The recent run of cold, snowy weather in my home state of Massachusetts reminded me that disasters come in many shapes and sizes and they can strike at any time of the year. While blizzards do not typically fall into the natural disaster category, they do have the potential to dramatically affect your business's access to critical data. Here in North America, it is more likely that hurricane, flood, tornado, fire or even an earthquake will test your disaster recovery plan.
Many companies that were affected by Hurricane Sandy were able to recover from flooding and wind damage; but those that have not bring cause for alarm. Power outages were a huge challenge. As of November 1, 2012 about 4.7 million people in 15 states were without electricity, down from nearly 8.5 million a day earlier. And there was no trading for two days on Wall Street as a result of the storm damage. The last time the New York Stock Exchange closed for two consecutive days for weather-related reasons was 1888.
After a disaster situation, when power is restored and your company begins to pick up the pieces, there are important questions to consider, which may be crucial for better preparedness the next time disaster strikes:
- Were you as prepared as you had hoped? What was lacking? What was excessive?
- Were you able to rely on tested Disaster Recovery (DR) processes, or were heroic efforts needed?
- What did you learn from your experience that can be used to make adjustments to your DR strategy?
Regardless of your current status for protecting your business and critical data from disaster, there are very likely several things you can do to improve your DR position.
DR Planning and Preparedness — You may not know what type of disaster will strike next or when it will happen, but there are plans and preparations you should take now to avoid what could be a business catastrophe in the event of a future disaster. Your geographic location alone can provide you with the starting point to understand the likelihood of risk due to flood, fire, power outage, hurricanes and the like. Now is the time to ensure that you can protect against downtime.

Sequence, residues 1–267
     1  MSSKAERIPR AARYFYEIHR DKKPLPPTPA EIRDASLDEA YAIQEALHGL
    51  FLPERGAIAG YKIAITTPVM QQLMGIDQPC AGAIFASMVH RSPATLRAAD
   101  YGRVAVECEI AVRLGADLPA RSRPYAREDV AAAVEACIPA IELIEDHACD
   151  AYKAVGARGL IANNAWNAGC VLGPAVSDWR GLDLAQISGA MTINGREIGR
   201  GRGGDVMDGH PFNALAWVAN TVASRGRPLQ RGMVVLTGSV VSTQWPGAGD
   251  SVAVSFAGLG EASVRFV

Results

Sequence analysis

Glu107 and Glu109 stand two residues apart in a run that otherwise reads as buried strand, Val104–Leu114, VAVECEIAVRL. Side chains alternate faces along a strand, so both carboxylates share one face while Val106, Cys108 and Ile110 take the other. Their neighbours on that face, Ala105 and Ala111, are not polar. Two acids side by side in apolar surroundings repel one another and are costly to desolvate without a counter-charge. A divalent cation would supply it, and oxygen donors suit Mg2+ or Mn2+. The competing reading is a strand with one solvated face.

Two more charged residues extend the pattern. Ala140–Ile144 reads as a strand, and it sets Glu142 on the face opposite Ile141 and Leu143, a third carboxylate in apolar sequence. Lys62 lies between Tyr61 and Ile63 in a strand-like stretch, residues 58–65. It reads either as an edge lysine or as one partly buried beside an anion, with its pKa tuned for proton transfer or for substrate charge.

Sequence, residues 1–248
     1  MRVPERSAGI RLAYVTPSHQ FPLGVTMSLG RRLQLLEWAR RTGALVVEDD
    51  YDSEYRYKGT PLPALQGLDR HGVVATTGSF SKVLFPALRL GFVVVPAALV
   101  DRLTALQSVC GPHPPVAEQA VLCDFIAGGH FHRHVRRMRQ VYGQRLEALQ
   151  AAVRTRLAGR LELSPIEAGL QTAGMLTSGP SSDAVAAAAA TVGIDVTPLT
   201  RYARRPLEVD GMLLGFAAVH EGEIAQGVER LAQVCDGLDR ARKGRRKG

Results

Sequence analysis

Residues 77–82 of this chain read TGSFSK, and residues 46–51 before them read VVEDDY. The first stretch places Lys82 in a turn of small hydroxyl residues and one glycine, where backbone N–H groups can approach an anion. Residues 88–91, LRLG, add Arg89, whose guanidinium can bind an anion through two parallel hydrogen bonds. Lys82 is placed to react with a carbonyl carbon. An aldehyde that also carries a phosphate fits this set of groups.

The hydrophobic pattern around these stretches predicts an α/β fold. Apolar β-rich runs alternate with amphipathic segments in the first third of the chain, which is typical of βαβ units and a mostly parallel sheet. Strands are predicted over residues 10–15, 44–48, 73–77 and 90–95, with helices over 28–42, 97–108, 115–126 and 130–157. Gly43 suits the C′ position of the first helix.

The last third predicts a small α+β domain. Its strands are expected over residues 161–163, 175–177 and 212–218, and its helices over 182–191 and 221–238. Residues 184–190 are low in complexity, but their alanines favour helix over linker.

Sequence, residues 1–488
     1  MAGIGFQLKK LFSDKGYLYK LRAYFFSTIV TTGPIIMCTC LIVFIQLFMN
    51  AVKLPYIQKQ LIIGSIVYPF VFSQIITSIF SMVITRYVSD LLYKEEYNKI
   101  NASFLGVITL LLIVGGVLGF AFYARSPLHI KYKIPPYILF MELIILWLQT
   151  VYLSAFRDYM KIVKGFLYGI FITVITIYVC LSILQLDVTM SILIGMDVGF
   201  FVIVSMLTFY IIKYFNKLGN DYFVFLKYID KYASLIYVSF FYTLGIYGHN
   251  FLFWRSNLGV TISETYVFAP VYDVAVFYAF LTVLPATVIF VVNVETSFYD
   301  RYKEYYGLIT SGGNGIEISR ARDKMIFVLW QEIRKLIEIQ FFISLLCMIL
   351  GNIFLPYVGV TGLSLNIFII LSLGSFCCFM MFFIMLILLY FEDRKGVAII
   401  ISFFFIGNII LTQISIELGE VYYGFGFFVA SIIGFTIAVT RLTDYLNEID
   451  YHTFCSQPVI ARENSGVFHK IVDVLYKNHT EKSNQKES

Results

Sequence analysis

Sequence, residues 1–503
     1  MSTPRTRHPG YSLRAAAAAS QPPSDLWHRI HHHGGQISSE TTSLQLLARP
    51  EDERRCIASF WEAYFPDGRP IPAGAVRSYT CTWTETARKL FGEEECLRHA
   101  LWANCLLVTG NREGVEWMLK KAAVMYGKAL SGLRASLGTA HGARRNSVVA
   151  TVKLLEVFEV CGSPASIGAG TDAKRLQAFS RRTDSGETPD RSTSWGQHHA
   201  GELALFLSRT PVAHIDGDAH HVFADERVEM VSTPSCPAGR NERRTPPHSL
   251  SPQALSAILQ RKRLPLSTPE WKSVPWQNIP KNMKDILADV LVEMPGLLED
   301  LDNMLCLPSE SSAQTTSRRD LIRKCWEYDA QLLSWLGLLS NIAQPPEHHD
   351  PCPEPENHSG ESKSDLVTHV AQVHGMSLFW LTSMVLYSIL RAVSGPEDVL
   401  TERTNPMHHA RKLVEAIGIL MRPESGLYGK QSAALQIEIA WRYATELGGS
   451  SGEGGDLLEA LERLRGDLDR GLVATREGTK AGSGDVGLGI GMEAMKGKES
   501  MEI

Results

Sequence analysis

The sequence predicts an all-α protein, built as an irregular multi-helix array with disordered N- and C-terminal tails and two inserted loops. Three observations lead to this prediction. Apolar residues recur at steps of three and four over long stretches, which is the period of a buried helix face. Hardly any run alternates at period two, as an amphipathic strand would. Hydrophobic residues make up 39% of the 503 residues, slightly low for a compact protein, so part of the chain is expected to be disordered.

During the Disaster — You're in the thick of it. This is your moment on stage in front of a live and unforgiving audience. You are either prepared and are taking a proactive posture against potential downtime, or you are reacting to the disaster as it unfolds. In either case, key stakeholders need to know how well you were able to recover and what you will improve on, once the storm blows over. Following are several items to consider during the event:
- Treat any recovery effort, big or small, as a chance to learn and improve
- Capture information about what went smoothly, what issues arose, and what mitigation steps were taken
- Technology is only part of the improvement opportunity. How did communication go? Did your processes help or hinder you? Did methodical efforts save the day or were herculean efforts needed to resume end-user and customer operations?
Post-Disaster — Take critical stock of how you actually fared during the event.
- Were you able to resume operations in a reasonable amount of time?
- Did you confidently reassure your end users and customers that you would successfully restore critical business functions in a timely manner?
- What changes need to be made to improve success and decrease risk? Thoroughly review your DR plan from the perspective of staffing, process impact, and technological resilience.
No matter where you are located, now is the time to reevaluate your existing disaster recovery plan or begin to develop your first one. Preparing against disaster and ensuring that you can quickly resume normal business operations takes time, effort, and resources. Also, the best outcomes are likely to occur when a good dose of experience is added to this mix.
Partnering with a team of seasoned disaster recovery specialists, who are vested in your complete DR outcomes and not only in a piece of the recovery puzzle, is critical. Before the next Hurricane Sandy or even a simple power outage impacts your business, learn about Balancing Cost, Risk and Complexity in Your DR Strategy. Then begin planning your DR strategy in earnest and consider engaging the Commvault consulting services team for a fresh perspective on disaster recovery.
James Brissenden is a Service Development Manager, Professional Services, at Commvault.